Texas native David Robertson likes to unwind during frequent business trips to towns in Florida or California or wherever else his job takes him. That usually means spending many hours creating sand sculptures on the beachfront.
Last week, while staying at Pointe South Condominium Resort at 5000 Estero Blvd., Robertson was seen piling, carving and sculpting each day until the sun set into the Gulf. The amateur sand sculptor -like many master sand sculptors- has a nickname. They call him the "The Texas Sandslinger."
"I obviously have a passion for doing this. Otherwise, I wouldn't stand out here for eight hours," he said. "I love sculpting sand as much as I love to share it. It's great because it makes people smile. Most people will approach me and talk to me, and I enjoy chatting with people."
David Robertson, a Rockwall, Texas native, kneels by a sand castle he sculpted the day prior on Fort Myers Beach. The amateur sculptor carved sand art each day last week, including a manatee that he began Friday.
Many of Robertson's sculptures are sand castles. He calls Master Sculptor "Amazin'" Walter McDonald, a San Padre Island native, his mentor. You can see the influence in the fellow Texan's sand art.
"I'm a big castle guy, but I am trying to branch out for sculpture contests," said Robertson, who was working on a manatee Friday after completing a castle Thursday. "You can't keep me off the beach."
Robertson has been involved in amateur competitions for roughly five years. At first, he was part of a two-man team before going solo.
Robertson began sculpting sand in 2000, while vacationing along northern Florida beach towns with his wife and four sons. In 2007, he decided to enter an amateur competition and subsequently got hooked.
"I started doing sand sculptures with my boys when they were younger. Every year, the sculptures got bigger and bigger, and I discovered more techniques," he said. "Then, at the Texas Sandfest in Port Aransas, I entered in the amateur section as a team with a friend of mine."
Three years later, Robertson was ready to compete as an individual. He did so at Texas Sandfest and in the Sandcastle Days in South Padre Island.
"In 2011, I decided to go solo because I found it was difficult to do this kind of stuff with another person who wasn't into it as much as I was," he said. "I took second place and People's Choice in the adult solo amateur championships."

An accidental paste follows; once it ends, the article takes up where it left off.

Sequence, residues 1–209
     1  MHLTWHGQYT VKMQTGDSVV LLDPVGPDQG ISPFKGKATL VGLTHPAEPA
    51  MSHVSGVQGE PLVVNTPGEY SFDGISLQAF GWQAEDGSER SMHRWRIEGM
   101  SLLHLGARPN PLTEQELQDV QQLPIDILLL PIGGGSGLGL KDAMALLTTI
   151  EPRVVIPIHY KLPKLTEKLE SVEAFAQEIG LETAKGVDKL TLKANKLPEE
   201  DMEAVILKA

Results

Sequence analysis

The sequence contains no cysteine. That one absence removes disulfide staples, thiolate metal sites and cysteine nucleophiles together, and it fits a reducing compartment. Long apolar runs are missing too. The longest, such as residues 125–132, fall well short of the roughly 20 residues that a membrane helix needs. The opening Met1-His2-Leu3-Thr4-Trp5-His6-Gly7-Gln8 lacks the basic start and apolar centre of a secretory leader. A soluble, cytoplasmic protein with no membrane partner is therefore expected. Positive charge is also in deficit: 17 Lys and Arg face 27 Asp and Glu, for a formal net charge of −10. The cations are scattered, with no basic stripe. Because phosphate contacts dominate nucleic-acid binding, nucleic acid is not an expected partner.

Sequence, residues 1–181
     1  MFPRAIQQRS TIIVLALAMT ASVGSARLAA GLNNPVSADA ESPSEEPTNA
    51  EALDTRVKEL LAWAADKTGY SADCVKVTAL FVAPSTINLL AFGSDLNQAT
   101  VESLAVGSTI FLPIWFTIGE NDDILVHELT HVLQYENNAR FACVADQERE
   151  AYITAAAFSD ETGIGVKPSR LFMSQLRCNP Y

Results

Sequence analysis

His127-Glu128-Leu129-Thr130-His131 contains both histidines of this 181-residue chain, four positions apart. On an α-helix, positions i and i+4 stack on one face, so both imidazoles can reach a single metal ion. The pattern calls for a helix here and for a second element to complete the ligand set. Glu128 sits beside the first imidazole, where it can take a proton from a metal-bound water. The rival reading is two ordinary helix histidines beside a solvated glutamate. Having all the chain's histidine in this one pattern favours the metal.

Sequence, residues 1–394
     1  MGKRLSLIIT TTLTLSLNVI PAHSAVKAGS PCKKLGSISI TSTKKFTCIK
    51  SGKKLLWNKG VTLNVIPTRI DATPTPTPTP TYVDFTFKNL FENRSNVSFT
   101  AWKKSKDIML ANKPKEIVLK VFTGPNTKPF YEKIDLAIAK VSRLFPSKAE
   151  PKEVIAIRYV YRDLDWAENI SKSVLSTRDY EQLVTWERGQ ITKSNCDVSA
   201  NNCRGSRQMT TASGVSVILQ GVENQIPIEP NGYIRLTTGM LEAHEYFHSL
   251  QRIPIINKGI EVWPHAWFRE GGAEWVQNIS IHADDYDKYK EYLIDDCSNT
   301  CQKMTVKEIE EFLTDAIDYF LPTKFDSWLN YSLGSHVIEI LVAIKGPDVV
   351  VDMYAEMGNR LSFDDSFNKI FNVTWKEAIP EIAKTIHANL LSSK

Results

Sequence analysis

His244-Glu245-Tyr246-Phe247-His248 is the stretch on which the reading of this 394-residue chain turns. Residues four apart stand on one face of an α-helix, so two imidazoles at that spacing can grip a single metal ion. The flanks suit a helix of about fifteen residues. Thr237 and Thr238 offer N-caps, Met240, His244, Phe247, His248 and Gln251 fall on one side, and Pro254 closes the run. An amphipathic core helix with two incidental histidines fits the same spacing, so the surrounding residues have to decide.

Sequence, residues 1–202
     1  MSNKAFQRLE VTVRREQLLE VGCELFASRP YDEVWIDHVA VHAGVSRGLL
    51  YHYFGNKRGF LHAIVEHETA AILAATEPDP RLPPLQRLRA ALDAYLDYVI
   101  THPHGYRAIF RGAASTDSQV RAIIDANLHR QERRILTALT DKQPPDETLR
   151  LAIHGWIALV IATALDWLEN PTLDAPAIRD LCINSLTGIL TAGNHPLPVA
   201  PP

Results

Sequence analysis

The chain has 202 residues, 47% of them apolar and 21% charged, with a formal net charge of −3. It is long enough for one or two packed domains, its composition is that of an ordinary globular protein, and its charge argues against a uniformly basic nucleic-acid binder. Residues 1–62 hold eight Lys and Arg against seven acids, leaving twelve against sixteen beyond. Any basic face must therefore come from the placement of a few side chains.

Robertson works for Erickson Engineering Company as a technical trainer. He teaches classes for engineers.
"I travel for a living, so a lot of the time I'm in Florida or the west coast (of the United States)," he said. "I've sculpted on beaches in the Fort Lauderdale area, Cocoa Beach, Alaska, Lake Winnipeg, South Carolina and San Diego."
His vacation on the Beach last week was rain-filled, but that didn't stop The Texas Sandslinger.
"On Tuesday, I actually built a 5-1/2 foot tall sand castle in a slow rain.," he said. "Right when I got to the very end, the whole thing collapsed. So I came back out later and built another one."
Robertson said he "loves" the sand on Estero Island, but he still needs to filter shell out of whatever he uses for sculpting. He hopes to make it down to the American Sand Sculpting Championships to compete in the amateur contest one year.
"I'd like to come down to the advanced amateur contest down here because they treat you like you are a professional," he said. "They give you the sand, the water and let you build for three days. All the other contests in the U.S. are either four- or six-hour contests. You really can't get to the next level with that shorter time frame. So, my goal is to make it down here one November."
In the meantime, Robertson will stay sharp in other amateur competitions. He expects to make it to Texas Sandfest again in April after missing last year.